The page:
A Very Naughty Boy

The many faces of the brilliant Terry Jones

Damn. Terry Jones - director, author, Chaucer scholar, Spam Lady, co-founder of the surreal, mordant, stubbornly and gleefully weird Monty Python, its "guardian spirit" and "the beating heart of it all” - has died at 77 after what his family called "a long, extremely brave but always good humored battle with a rare form of dementia." Jones attended Oxford University, where he met Michael Palin; together they wrote and performed for several  British programs before joining with John Cleese, Eric Idle, Graham Chapman and animator Terry Gilliam to create the BBC show Monty Python’s Flying Circus. The chaotic, satirical, frequently rude, occasionally tasteless, almost always brilliant marvel that skewered anything that caught its merciless eye, from silly-walking ministers and bureaucratic blowhards to cheeseless cheese shops and fraudulent ex-parrots, ran only from 1969 to 1974 - astonishingly, given its now-iconic status.

Jones, often along with Palin, wrote much of the show's lunatic material and also performed, often inexplicably in drag. He also wrote and directed their feature films: Monty Python and the Holy Grail, The Meaning of Life and Monty Python’s Life of Brian, a no-holds-or-taboos-barred satire about a clueless messiah that horrified church leaders around the world. He also played Brian’s cranky mother; in his most memorable scene, after finding the hapless Brian with a woman, she squawks to his adoring, assembled worshippers, "He's not the messiah - he’s a very naughty boy!” He once described Python's members as working from a deeply democratic, if wildly simplistic, principle: “If all six of us laughed at something," they'd use it.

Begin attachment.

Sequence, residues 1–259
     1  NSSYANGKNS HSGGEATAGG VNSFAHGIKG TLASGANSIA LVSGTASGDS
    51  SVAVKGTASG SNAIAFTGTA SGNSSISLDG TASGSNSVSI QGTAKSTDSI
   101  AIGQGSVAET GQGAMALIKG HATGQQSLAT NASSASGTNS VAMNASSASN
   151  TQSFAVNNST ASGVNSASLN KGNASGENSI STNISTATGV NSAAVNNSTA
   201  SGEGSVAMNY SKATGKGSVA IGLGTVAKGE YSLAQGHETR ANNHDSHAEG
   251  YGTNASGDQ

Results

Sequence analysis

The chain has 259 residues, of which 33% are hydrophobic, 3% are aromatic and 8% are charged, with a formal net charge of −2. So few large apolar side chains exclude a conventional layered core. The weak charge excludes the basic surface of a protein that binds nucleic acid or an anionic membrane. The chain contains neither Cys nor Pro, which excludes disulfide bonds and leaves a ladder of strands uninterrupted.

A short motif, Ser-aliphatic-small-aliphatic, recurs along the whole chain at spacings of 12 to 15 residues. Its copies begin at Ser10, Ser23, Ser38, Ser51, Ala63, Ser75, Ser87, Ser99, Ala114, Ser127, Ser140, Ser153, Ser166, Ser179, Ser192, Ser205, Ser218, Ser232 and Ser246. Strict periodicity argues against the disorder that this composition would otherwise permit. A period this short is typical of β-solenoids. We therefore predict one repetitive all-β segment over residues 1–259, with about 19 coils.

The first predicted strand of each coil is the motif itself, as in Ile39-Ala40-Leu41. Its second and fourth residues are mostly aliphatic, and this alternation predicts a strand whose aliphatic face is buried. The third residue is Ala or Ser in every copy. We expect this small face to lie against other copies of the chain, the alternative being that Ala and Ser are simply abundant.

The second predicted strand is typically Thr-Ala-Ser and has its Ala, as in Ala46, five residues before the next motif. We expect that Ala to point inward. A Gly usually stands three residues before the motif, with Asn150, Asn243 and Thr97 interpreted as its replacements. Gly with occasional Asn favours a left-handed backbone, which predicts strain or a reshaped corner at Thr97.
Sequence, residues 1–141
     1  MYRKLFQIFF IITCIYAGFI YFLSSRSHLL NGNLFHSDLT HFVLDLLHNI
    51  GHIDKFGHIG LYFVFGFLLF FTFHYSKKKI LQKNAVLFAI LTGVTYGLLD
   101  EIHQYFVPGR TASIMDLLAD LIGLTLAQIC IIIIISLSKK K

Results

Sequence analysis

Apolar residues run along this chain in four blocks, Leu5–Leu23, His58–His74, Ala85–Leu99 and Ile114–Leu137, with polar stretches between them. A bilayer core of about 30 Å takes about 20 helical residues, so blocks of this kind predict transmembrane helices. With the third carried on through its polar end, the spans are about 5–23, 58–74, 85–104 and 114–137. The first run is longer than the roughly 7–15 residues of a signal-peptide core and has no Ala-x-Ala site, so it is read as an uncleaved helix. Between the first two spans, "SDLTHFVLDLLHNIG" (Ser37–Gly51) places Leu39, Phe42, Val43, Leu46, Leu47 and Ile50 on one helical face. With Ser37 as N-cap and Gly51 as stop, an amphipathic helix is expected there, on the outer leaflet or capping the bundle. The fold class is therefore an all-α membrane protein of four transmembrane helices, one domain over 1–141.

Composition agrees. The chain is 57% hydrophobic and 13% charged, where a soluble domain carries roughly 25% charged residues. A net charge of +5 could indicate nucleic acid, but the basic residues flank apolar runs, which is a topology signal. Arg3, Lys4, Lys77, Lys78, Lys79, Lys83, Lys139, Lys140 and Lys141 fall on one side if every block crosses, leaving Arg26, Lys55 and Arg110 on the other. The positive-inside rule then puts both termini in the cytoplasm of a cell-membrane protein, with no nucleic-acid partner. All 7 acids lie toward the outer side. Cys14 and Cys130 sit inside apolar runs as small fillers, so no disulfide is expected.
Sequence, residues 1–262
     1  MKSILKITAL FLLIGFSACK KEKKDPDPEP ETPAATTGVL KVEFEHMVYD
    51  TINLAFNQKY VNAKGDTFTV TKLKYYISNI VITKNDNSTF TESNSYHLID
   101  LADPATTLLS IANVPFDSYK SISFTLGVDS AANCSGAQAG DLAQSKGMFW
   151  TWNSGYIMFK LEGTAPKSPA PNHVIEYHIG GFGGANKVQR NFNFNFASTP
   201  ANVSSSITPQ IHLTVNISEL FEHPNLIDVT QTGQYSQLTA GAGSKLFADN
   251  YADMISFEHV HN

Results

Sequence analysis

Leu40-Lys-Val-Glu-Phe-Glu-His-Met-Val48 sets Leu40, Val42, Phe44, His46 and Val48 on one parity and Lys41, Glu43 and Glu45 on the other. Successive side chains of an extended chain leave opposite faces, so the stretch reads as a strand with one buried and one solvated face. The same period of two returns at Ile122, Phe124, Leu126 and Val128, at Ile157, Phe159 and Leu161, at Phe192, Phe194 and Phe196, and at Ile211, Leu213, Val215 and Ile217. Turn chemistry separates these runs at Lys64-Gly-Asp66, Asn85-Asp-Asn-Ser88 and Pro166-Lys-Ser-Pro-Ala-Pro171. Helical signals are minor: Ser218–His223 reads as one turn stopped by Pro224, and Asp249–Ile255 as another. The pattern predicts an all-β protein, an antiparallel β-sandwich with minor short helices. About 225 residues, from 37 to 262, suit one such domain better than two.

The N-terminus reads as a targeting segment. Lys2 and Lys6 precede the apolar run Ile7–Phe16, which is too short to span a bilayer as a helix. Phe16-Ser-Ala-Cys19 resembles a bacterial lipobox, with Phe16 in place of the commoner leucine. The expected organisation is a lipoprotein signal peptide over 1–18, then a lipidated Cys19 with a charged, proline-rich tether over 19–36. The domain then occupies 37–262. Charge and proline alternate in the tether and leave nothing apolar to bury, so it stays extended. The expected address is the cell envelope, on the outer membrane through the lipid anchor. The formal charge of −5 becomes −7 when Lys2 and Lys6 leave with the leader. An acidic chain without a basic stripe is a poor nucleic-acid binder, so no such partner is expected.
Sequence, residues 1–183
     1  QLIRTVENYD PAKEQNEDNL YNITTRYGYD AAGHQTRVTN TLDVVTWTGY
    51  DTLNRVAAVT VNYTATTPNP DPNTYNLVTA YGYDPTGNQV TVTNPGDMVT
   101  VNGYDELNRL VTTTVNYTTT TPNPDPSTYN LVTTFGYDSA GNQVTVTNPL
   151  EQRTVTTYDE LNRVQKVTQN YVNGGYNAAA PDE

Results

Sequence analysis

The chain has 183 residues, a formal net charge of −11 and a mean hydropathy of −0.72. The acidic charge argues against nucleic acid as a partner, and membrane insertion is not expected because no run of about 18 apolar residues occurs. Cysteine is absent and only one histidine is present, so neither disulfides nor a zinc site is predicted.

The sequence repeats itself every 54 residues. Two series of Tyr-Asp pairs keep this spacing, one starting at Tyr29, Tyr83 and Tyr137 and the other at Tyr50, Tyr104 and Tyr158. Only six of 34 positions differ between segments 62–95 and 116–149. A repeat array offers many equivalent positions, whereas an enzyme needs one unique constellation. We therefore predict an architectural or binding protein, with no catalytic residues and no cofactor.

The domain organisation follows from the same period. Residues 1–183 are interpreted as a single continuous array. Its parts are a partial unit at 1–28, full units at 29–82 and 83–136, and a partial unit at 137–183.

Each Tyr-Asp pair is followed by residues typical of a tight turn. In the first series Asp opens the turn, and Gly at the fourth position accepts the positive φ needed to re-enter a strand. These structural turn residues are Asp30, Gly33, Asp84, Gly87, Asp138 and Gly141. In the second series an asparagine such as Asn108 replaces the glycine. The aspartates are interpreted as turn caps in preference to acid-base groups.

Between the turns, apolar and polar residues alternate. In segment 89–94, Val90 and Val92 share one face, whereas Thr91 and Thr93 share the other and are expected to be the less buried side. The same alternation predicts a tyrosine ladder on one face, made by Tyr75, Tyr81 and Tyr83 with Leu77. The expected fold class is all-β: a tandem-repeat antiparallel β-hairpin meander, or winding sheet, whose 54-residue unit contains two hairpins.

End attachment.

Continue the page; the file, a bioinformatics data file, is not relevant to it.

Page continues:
After Python's heyday, Jones worked on a wide variety of projects. He made a TV series with Palin and a documentary series on medieval history, directed several films, became a respected Chaucer scholar, wrote almost 20 children’s books, and contributed multiple op-ed pieces for The Guardian denouncing the Iraq War and other imperial follies. In 2016, he revealed he'd been diagnosed with the rare frontotemporal dementia, which, cruelly in his case, robs victims of speech. He dealt with his illness in a typically forthright manner, sometimes stopping people to tell them his frontal lobe had "absconded." He later did an interview with Palin to educate the public about the illness, and accepted a BAFTA award in an emotional appearance, speaking only to tell the cheering crowd, "Quieten down."

At news of Jones' death, many fans and colleagues took to Twitter to mourn, crack wistfully wise and celebrate "you brilliant, funny, Chaucer-loving, bare-arse piano playing, one last wafer-mint eating mofo." Some, ever hopeful, speculated he wasn't really dead but was just pining for the fjords. "The great foot has come down to stamp on you," wrote Stephen Fry. "My god what pleasure you gave, what untrammelled joy and delight." John Cleese lamented that "a man of so many talents and such endless enthusiasm should have faded so gently away," and dryly referenced Graham Chapman's 1989 death with, "Two down, four to go." Christopher McQuarrie panned Jones' death as "the only thing he ever did that wasn't funny," adding, "Thank you for my gloriously misspent youth, Sir. And Godspeed." We echo him.

Young Jones. Photo by Chris Ridley/ Radio Times via Getty

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